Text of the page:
Futures Prices are Useful Predictors of the Spot Price of Crude Oil.

AuthorEllwanger, Reinhard

    Given the importance of crude oil as a macroeconomic determinant used in models of central banks, in investment decisions, and in oil-intensive goods purchases, there is wide interest in accurately predicting the price of crude oil. (1) A frequently cited result in this literature is that futures prices are not particularly useful to forecast the spot price of crude oil (Alquist and Kilian, 2010; Reeve and Vigfusson, 2011; Baumeister and Kilian, 2012; Alquist et al., 2013; Baumeister and Kilian, 2014). In this paper, we document that future-based forecasts have always been useful for short-horizon forecasts of the average spot price of crude oil and are now very accurate at longer horizons. This occurs for two reasons.

    First, we show that futures curves constructed using end-of-month prices contain substantive predictive power for future average prices at short horizons. Incorporating end-of-period information improves the mean-squared prediction error (MSPE) and the directional accuracy relative to the no-change forecast for average spot prices by 40 percent at the one-month horizon. The improvements remain statistically significant for forecasts up to 12 months ahead. They are remarkably robust and independent of the sample period.

    Second, the predictive content of crude oil futures prices at longer forecast horizons has improved since the mid-2000s. We show that, whenever the end of the forecast evaluation period is extended beyond 2014, futures-based forecasts are found to be statistically significantly more accurate predictors of the spot price than the no-change forecast at horizons of one year to five years ahead. This result holds for forecasts of both nominal prices (as in Alquist and Kilian, 2010) and real prices (as in Baumeister and Kilian, 2012). It is particularly strong for multi-year-ahead forecasts, which were previously difficult to evaluate due to the lack of a proper evaluation period for longer-dated futures contracts. This corroborates and generalizes some existing evidence on the usefulness of future-based forecasts of real prices at longer horizons. (2)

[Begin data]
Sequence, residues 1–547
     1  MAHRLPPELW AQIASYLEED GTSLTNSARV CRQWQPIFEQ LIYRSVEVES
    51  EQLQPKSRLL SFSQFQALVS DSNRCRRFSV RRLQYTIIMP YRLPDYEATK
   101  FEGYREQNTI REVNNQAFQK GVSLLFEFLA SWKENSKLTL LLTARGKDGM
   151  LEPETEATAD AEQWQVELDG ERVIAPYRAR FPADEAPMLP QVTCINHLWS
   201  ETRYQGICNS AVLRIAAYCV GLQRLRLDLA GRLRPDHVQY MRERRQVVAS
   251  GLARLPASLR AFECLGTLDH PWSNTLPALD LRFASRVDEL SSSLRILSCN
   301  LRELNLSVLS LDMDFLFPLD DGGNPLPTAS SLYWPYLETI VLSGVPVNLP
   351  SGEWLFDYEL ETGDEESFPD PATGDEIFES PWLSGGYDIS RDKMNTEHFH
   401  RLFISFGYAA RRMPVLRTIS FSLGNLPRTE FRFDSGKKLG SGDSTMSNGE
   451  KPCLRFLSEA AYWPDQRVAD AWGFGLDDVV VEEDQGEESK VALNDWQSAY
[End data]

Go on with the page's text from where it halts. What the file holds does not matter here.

A key insight from our exercises is that futures-based forecasts should always be constructed using end-of-period prices rather than the average price that is standard in forecasts of the real price of oil (Baumeister and Kilian, 2012; Alquist et al., 2013). This seemingly innocuous difference yields substantial improvements for short-horizon forecasts. The use of end-of-period prices is preferable because averaging changes the underlying data process (Rossana and Seater, 1995), which leads to a mechanical loss of information that is particularly relevant for forecasting persistent processes (Wei, 1978; Lutkepohl, 1984). Ellwanger and Snudden (2021) propose a parsimonious solution to the information loss via period-end price sampling (PEPS). They show that real end-of-month spot prices can improve the forecast accuracy of no-change forecasts and of model-based forecasts by preserving the informational content of the last available price. In this paper, we show that the same principle can be applied to forecasts constructed from futures prices.

    Futures curves constructed with end-of-month prices have previously been used in Alquist and Kilian (2010) in the context of forecasting of the end-of-month nominal crude oil price. However, the model was never used to forecast average spot prices, which are standard for real prices. While the distinction between end-of-period and average futures prices is crucial, the role of the deflator appears to be negligible for our results: using information from end-of-period futures prices work similarly well for forecasting average nominal and real prices.

    The results contribute to a recurring debate on the role of futures prices in forecasting oil prices. Because of their simplicity and ease of implementation, futures-based forecasts are popular among policy makers, investors and market participants. Early results from the academic literature documented some predictability from oil futures prices, at least at specific horizons (Ma, 1989; Kumar, 1992; Chinn et al., 2005; Coppola, 2008). However, influential reviews that extended the sample period beyond the early 2000s found little evidence that futures-based forecasts are helpful to forecast oil prices and recommended against their use (Alquist and Kilian, 2010; Baumeister and Kilian, 2012). Still, futures prices have remained a steady ingredient in the construction of forecast combinations (Baumeister and Kilian, 2015; Funk, 2018; Garratt et al., 2019), while other approaches focused on improving futures-based forecast by separating their expectations component from the risk premium (Baumeister and Kilian, 2016). Our results show that a decade's worth of additional data, as well as a simple modification to the originally proposed implementation, changes the assessment of futures-based forecasts of the price of oil.